The SNP conference, which is taking place in Aberdeen, has adopted a new strategy for achieving Scottish independence at the next Westminster General Election. The strategy states that a vote for the SNP is a vote for Scotland to become an independent country and that winning a majority of Scottish seats will give the Scottish Government a mandate to start independence negotiations with the UK Government. However, the strategy faces challenges from both the British media and the Westminster parties, who are likely to ignore or reject the SNP’s claim to a democratic mandate.
How the SNP plans to use the next general election as a de facto referendum
The SNP’s new strategy, which was approved by the conference delegates on Sunday, is based on the idea that the next general election will be a de facto referendum on Scotland’s constitutional future. The strategy says that the SNP’s manifesto for that election will declare on page one line one: “A vote for the SNP is a vote for Scotland to become an independent country.” The strategy also demands that the power to hold an independence referendum be permanently transferred to the Scottish Parliament.
According to the strategy, if the SNP wins a majority of Scottish seats at the next general election, this will give the Scottish Government a mandate to commence independence negotiations with the UK Government. The strategy also envisages the establishment of a constitutional convention consisting of representatives from civic Scotland, such as trade union leaders and religious figures, as well as MPs and MSPs.
The strategy is based on the assumption that the Westminster Government will continue to refuse to grant a Section 30 order, which is required under the current law to hold a legally binding referendum. The SNP argues that by using the general election as a proxy vote, it can bypass the need for a Section 30 order and assert its democratic right to self-determination.
Why the SNP’s strategy faces opposition from the British media and Westminster parties
The SNP’s strategy, however, faces significant opposition from both the British media and the Westminster parties, who are likely to ignore or reject the SNP’s claim to a democratic mandate. The British media has been largely silent or dismissive of the SNP conference, which is the third largest party in the House of Commons. The BBC, for example, did not mention the conference at all during its UK wide edition of the lunchtime news on Monday. The BBC also misreported the SNP’s strategy as saying that it will ask for another referendum if it wins a majority of seats, rather than stating that it will start independence negotiations.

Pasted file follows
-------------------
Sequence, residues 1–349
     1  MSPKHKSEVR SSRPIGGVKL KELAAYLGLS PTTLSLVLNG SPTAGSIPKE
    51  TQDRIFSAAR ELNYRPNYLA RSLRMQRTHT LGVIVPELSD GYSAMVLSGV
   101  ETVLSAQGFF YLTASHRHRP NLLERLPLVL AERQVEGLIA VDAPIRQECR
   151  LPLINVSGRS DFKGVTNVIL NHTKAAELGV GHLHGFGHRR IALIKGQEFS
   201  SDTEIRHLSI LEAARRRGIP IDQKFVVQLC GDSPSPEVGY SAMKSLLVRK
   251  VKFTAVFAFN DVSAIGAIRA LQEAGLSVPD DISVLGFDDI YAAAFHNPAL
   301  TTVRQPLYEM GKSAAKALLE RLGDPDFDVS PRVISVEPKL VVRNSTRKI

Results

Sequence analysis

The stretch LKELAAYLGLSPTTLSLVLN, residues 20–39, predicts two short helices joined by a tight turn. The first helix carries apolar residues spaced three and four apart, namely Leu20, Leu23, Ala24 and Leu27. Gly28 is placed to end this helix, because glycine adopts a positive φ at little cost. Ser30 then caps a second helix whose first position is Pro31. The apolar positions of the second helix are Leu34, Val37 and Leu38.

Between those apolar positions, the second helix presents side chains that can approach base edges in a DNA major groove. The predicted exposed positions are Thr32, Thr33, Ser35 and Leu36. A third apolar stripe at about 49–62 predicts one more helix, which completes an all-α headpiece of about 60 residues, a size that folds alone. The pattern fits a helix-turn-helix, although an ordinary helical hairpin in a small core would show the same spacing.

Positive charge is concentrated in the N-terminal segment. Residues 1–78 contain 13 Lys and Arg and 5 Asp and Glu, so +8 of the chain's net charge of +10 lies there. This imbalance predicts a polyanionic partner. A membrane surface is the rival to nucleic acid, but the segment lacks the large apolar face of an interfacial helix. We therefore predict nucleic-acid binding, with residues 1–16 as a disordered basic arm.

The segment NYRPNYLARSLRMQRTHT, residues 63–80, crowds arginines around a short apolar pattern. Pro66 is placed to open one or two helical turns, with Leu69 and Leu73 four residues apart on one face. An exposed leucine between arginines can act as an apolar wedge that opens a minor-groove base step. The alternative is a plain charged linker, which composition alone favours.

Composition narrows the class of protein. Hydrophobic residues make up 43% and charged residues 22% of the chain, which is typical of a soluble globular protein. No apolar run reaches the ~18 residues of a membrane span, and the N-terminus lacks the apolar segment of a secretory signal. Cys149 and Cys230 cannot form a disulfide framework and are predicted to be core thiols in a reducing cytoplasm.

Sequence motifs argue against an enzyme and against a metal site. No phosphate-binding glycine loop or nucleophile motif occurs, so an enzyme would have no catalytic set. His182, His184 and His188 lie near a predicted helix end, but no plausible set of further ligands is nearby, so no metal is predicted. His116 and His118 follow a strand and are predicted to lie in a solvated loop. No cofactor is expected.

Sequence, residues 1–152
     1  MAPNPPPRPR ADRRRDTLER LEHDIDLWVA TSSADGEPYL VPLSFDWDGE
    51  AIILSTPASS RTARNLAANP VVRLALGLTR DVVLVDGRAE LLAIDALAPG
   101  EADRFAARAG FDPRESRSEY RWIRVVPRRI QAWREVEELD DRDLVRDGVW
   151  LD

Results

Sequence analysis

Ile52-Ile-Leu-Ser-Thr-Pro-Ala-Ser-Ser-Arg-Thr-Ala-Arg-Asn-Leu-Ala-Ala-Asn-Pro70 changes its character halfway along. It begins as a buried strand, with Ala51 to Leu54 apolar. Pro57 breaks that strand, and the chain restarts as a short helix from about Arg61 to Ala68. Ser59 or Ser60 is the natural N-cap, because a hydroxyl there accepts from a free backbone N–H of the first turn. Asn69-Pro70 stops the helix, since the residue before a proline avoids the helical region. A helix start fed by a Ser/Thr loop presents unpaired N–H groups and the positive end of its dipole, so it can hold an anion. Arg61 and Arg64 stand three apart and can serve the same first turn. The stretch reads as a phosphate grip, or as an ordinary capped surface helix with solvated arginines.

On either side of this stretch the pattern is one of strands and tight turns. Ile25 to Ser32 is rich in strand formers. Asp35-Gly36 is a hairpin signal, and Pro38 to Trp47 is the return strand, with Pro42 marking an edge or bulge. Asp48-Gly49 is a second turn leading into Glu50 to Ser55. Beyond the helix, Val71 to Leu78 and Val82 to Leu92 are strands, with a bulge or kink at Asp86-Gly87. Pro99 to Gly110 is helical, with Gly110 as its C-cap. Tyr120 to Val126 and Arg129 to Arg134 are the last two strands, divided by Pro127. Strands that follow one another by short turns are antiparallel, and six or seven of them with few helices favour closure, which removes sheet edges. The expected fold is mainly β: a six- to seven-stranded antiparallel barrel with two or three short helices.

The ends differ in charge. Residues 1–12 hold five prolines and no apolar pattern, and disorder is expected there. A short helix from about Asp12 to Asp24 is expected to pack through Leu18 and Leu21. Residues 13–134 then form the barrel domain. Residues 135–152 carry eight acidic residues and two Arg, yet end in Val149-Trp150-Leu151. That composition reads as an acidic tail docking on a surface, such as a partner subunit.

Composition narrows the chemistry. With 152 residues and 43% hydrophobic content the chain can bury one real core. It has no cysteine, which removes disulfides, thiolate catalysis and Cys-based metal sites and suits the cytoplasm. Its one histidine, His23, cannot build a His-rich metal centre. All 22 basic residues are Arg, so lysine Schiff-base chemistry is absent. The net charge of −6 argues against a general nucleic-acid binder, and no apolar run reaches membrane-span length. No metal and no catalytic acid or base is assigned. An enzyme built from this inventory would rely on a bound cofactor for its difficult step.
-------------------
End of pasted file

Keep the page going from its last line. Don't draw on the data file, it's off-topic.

The Westminster parties, both Labour and Conservative, are also expected to deny that the SNP has won a mandate for independence even if it wins a majority of Scottish seats at the next general election. This is because they do not recognise that Scotland has a distinct political identity and culture that differs from the rest of the UK. They also fear that losing Scotland would diminish their power and influence on the world stage. They have shown no willingness to respect the democratic choices of the Scottish electorate, as they have repeatedly refused to accept that the current Scottish Parliament was elected with a clear mandate for another referendum.
What the SNP’s strategy means for democracy in Scotland
The SNP’s strategy, therefore, poses a fundamental question about democracy in Scotland. If the SNP wins a majority of Scottish seats at the next general election by using the same standards that Labour and Conservative use to determine the winner of the election at a UK level, then there can be no dispute that it has won that election in Scotland. However, if Westminster refuses to recognise that result and continues to block Scotland’s right to choose its own future, then democracy in Scotland will be effectively dead. It will mean that voting in Scotland has no meaning or consequence, and that Scotland is subject to Westminster rule without consent.
The constitutional question in Scotland then becomes not a question about whether Scotland is better off as an independent country or as part of the UK, but an existential question about whether democracy itself can survive in Scotland under this so-called Union. The SNP’s strategy is an attempt to challenge this undemocratic situation and assert Scotland’s sovereignty as a nation. However, it remains to be seen whether Westminster will respond with respect or contempt.